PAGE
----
Friday, April 6, 2018

DRAG, the Series: Challenge

I have decided to leave this series of posts, intentionally, in a very draft form. This owes to the upheaval of the past month of my personal life, yes ... but it also feels fitting, as the entire point of this discussion of drag is about construction and challenging assumptions. To smooth it all into coherent, long prose might obscure the various parts, and thoughts, I have put into this, and they perhaps should stand out starkly. In honesty, much of what I say is just intros to the links embedded. And so, here is this series. Unfinished. Challenging - to me, in one sense, and to the audience in another. Seems right ...

The thing about most offputting entertainments and art forms throughout history is this: they *mean* to be offputting. To a certain audience. Ugliness, cacophany, discomfort in art are a direct challenge, always, to prevailing assumptions. And right now, for a western-centric culture out to homogenize the world, a culture which has dressed men the same for upward of 200 years, there can be little wonder that one of the most popular challenges is the industrial-scale insurgency of drag

I’m not doing drag to give you makeup tips. This has always been a political statement.
RuPaul Charles


There is no one way to be gay ... or drag, or masculine, or feminine, or a particular age, or republican, or spiritual. More specifically: there is no wrong way to be any of these things, or any others.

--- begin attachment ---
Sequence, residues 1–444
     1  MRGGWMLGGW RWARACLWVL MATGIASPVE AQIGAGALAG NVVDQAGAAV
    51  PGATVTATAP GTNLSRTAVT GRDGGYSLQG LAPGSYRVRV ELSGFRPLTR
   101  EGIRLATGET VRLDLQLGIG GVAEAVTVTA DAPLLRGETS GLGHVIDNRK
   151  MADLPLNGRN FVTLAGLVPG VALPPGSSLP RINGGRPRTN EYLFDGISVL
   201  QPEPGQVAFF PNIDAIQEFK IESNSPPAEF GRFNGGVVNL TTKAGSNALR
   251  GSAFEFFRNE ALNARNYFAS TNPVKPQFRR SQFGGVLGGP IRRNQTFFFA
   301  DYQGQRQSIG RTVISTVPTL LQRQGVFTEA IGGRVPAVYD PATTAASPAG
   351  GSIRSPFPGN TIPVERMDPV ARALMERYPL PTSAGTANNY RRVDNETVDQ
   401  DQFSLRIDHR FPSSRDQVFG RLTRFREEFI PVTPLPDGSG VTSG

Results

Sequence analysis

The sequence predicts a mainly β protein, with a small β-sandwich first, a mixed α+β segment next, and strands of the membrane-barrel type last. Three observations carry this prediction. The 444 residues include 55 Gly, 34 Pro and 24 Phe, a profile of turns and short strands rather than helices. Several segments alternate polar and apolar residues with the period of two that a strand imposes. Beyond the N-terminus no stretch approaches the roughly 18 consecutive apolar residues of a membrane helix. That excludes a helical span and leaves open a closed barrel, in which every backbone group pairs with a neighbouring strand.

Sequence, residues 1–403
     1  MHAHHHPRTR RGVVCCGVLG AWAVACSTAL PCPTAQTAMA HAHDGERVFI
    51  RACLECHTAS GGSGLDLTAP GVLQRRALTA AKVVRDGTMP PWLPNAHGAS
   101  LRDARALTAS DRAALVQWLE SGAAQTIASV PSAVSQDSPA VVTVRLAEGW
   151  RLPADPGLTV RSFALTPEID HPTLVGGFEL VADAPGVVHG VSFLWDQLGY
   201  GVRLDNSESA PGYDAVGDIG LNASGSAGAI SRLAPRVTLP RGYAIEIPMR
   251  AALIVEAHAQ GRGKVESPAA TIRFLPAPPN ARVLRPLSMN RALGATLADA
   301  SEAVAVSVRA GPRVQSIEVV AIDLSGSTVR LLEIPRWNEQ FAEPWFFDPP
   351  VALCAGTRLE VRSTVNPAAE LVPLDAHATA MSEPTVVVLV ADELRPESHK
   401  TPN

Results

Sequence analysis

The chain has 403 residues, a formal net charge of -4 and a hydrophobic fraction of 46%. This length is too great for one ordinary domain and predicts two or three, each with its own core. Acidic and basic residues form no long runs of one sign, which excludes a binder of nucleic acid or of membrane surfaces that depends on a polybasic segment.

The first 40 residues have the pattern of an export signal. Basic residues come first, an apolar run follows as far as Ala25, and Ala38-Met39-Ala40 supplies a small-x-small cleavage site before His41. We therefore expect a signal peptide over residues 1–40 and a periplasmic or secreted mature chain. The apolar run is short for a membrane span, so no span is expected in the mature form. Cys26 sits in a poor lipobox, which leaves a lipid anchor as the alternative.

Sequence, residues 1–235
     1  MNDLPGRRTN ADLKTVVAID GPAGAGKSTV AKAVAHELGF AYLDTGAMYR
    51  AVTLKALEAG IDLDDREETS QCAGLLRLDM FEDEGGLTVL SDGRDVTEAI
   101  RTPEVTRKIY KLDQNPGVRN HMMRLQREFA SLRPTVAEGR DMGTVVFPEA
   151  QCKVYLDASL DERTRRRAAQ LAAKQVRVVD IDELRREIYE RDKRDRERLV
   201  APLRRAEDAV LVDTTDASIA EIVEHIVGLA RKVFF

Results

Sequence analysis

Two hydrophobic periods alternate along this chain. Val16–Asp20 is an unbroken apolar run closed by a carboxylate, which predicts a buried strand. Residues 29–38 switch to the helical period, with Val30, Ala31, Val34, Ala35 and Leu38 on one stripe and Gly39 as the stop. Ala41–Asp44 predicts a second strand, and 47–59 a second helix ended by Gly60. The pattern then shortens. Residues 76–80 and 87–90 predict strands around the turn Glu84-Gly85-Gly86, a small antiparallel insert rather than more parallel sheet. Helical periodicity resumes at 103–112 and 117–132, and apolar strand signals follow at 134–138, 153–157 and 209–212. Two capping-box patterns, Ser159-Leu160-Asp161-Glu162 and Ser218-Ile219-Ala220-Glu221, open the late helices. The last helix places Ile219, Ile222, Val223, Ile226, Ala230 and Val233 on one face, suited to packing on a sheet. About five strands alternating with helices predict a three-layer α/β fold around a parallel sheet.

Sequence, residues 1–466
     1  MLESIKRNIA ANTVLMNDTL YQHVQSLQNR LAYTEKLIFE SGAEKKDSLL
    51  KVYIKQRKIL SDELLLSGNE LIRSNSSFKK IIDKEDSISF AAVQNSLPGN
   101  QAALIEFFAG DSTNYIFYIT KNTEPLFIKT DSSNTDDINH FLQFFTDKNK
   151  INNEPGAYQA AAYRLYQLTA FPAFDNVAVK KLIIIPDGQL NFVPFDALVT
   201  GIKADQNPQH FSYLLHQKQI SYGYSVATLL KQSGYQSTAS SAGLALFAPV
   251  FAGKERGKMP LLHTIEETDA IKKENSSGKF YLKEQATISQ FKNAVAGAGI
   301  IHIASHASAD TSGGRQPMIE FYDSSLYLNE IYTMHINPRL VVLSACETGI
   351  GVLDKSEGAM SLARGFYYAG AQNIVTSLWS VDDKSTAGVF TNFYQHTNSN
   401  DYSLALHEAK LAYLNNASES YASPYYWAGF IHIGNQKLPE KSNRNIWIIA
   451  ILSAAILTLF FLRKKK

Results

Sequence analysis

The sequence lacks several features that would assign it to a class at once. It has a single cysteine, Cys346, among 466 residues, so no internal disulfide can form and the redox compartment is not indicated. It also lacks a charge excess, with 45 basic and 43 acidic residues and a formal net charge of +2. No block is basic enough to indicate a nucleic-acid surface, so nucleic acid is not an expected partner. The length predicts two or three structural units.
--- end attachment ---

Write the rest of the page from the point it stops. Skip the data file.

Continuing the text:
I do Goth wrong. In my life, the very essence of nonconformity has been ... showing up at a tattoo convention and having a triple piercing removed. "You went to a tattoo festival and got yourself UN-maimed," my brother said, and it was a revelation to me. Or wearing sky blue and glitter lipgloss to a Type O Negative show, or putting together a 40s-vintage ensemble, but wearing forest green lipstick amongst otherwise "authentic" hair and clothing and period-perfect makeup.

We. All. Contain. Multitudes.

People have been weird since we've been people: truly, independently, fiercely weird. We have also been "people" for more than three hundred thousand years - not merely hairy little tool-users who put the dead away systematically or even ritually - but engaging in trade, and even processing pigment from stone.

Using pigment to permanently mark ourselves.

Pigment is at the heart not only of art, but of self-decoration. And even self-decoration performs double-duty - many people are aware that eyeliner dates back thousands of years, but fewer realize its practical application, in reducing visual glare in a very sunny region. The principal of dark patches on the face to improve bright-light vision survives today, quite prominently.

Our attachment to our tools and our expressions is the basis for the very concept of sin.

Fishy aesthetic versus Acid BettyDirt WomanDivine (both glamorous and un-"pretty", using symbols of the former and co-opting the latter to invent something new)...

Perhaps especially during the 1970s and 1980s, punk and drag had a lot in common, and RuPaul's early days show a grungy, harder-edged New Wave image.

This post "UNDER CONSTRUCTION" and I'll publish it anyway ... this post is a challenge. Ooh, how meta.

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